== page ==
It can be seen from both of the studies, that nondirective approach was used as a method for conducting genetic counselling. Over the past three decades, nondirectiveness was an integral part of genetic counselling (Kessler 1997). As a result, the information given to families had an emphasis on the genetic aspect of the disease, the risks associated with it and the importance of those risks. Genetic counsellors restrained themselves from participating in active discussion, giving advice or making any decision for the client. The study on Duchenne muscular dystrophy (Emery et al. 1972) clearly shows that the decisions associated with future pregnancies regardless of the risks were left entirely to the woman. Looking through the literature on genetic counselling, there seems to be a lot of criticism of nondirective approach and dissatisfaction of many genetic counsellors that have recently entered the field with it (Kessler 1997; Weil 2003; Weil et al. 2006). A high rate of dissatisfaction with nondirective approach in the field could be well due to the fact that nondirectiveness was initially implemented in reproductive genetic counselling era, when genetic counsellors could only provide information on risks and prenatal testing, and left the decisions on family planning up to the clients (Weil 2003). This is well illustrated by the studies on neural-tube malformations (Morris and Laurence 1976) and Duchenne muscular dystrophy (Emery et al. 1972).
The study done by Hartley et al. (2010) vividly shows how different the role of genetic counsellor is these days. It looks at a genetic counsellor as a part of one complex multidisciplinary environment providing a wide variety of health services to children with metabolic disorders. The distinct feature of the genetic counselling in such clinics is
that the counselling sessions are provided continuously over the life span of a patient. In contrast with the genetic counselling services in 1970s, the counsellors in this type of clinical environment have an opportunity to fully engage with the client, an advantage of addressing every concern the patient’s family has, as well as providing a continuing emotional support (Hartley et al. 2010). The consultations themselves differ quite significantly from those taken place in reproductive genetic counselling era. During the first consultation, genetic counsellors do realize that the stress of recently diagnosed child with metabolic disorder often overrides the family’s ability to take in the information on the disorder and risks associated with it. Keeping this in mind, genetic counsellors do not go into the genetic aspect of the disorder, but rather provide immediate psychosocial support and give an idea of what it means to live with a metabolic condition on the day-to-day basis (Hartley et al. 2010). Looking back at the studies done by Morris and Laurence (1976) and Emery et al. (1972), one could see a possible downside of giving a whole lot of information in a single counselling session, which could be the underlying reason for client’s poor recall of information when in distress. Therefore, the second consultation is usually held at least four months after the metabolic disorder is diagnosed. And it is during this session that the extensive information on the inheritance and nature of the condition, and the available community support groups (Hartley et al. 2010).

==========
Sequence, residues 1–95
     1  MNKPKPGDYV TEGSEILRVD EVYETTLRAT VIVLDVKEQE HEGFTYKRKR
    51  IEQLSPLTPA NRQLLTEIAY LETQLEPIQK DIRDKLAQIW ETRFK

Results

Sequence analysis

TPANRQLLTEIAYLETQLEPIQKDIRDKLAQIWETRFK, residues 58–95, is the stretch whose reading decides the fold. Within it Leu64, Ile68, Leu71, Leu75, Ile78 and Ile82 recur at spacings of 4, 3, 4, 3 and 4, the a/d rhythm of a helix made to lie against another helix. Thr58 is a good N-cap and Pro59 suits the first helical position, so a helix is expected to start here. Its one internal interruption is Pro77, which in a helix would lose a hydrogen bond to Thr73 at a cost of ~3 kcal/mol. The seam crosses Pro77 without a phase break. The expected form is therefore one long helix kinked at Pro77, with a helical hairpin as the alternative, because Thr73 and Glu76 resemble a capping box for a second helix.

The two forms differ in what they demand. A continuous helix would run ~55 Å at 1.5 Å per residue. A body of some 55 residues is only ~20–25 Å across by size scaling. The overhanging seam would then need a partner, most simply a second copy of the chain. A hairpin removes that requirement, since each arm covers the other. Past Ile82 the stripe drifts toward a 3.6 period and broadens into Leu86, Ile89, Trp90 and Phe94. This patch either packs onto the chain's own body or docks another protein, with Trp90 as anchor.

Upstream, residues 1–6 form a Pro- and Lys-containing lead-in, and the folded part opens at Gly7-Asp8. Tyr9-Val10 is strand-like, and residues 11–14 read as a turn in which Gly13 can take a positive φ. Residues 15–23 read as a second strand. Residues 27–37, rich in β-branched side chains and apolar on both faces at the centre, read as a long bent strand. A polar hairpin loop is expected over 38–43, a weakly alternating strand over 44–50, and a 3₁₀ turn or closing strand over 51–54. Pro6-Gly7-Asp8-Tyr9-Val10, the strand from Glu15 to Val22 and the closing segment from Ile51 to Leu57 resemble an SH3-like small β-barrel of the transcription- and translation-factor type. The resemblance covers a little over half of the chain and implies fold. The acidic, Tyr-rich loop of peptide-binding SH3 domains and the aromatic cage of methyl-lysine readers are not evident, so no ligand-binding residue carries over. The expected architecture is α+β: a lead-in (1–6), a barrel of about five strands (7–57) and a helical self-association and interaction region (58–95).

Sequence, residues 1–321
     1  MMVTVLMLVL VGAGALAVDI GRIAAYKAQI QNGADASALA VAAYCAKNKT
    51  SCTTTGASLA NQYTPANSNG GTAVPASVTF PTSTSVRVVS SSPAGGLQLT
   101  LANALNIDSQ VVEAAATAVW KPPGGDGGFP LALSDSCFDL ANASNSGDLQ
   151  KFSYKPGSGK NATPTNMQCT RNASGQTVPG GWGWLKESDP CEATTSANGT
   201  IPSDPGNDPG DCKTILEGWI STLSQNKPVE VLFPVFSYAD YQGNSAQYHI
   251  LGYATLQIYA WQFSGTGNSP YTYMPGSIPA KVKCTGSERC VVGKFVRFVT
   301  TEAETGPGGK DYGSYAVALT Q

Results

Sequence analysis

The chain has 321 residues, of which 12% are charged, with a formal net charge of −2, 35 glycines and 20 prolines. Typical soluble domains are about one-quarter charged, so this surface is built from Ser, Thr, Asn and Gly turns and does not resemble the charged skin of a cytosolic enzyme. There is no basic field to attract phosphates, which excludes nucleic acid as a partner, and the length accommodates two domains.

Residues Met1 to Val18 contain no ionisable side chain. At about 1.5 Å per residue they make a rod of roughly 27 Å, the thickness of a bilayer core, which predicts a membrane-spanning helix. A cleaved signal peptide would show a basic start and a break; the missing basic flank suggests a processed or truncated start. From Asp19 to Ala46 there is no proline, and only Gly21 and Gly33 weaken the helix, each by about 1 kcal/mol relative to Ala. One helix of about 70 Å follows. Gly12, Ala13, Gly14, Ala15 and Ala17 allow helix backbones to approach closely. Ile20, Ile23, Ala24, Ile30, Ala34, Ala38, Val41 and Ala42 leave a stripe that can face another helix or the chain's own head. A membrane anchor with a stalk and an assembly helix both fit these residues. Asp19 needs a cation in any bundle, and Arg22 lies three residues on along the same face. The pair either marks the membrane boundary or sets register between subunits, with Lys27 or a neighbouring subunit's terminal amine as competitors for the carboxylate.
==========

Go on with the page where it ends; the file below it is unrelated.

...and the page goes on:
The study done by Hill and Sahhar (2006) also shows a newly developing role of a genetic counsellor in the field of psychiatric genetics. Due to the current limitations in the knowledge of psychiatric genetics, most of the genetic counsellor’s work is devoted to providing helpful resources to the family, connecting them with support groups, emphasizing the importance of family support and helping to deal with the stigma associated with psychiatric disorders, however, the risks of recurrence are also explained. The counselling sessions also tend to be held over a long period of time, which gives clients more time to adapt to a genetic side of mental illness.
The two recent studies are similar in a way that there was a detailed summary letter written to the clients with the information covered during the counselling session (Hartley et al. 2010; Hill and Sahhar 2006). In studies done by Morris and Laurence (1976) and Emery et al. (1972), it is quite understandable that if someone wants to measure the ability of a client to remember the information given, then no summary letter should be sent. However, such letter tends to be crucial with helping clients to fully understand and retain the information on the disorder if they were not able to concentrate on it during the counselling session (Hill and Sahhar 2006). These letters also serve as important starting point for sharing information within the family or with a general practitioner.
Both of the recently done studies on the genetic counselling emphasize a psychosocial approach to genetic counselling rather than nondirective approach. It is quite interesting, because few years before these papers came out, Weil (2003) did raise a question of whether nondirective approach should continue to be recognized as the main ethos for genetic counselling, or whether a new approach, emphasizing psychosocial direction, should be developed. As Weil (2003) suggested, some crucial values of nondirectiveness, such as “providing balanced information, not imposing the genetic counselor’s values on the counselee, and supporting counselee autonomy” should be included in the central ethos of the genetic counselling practice in general, regardless of the approach used.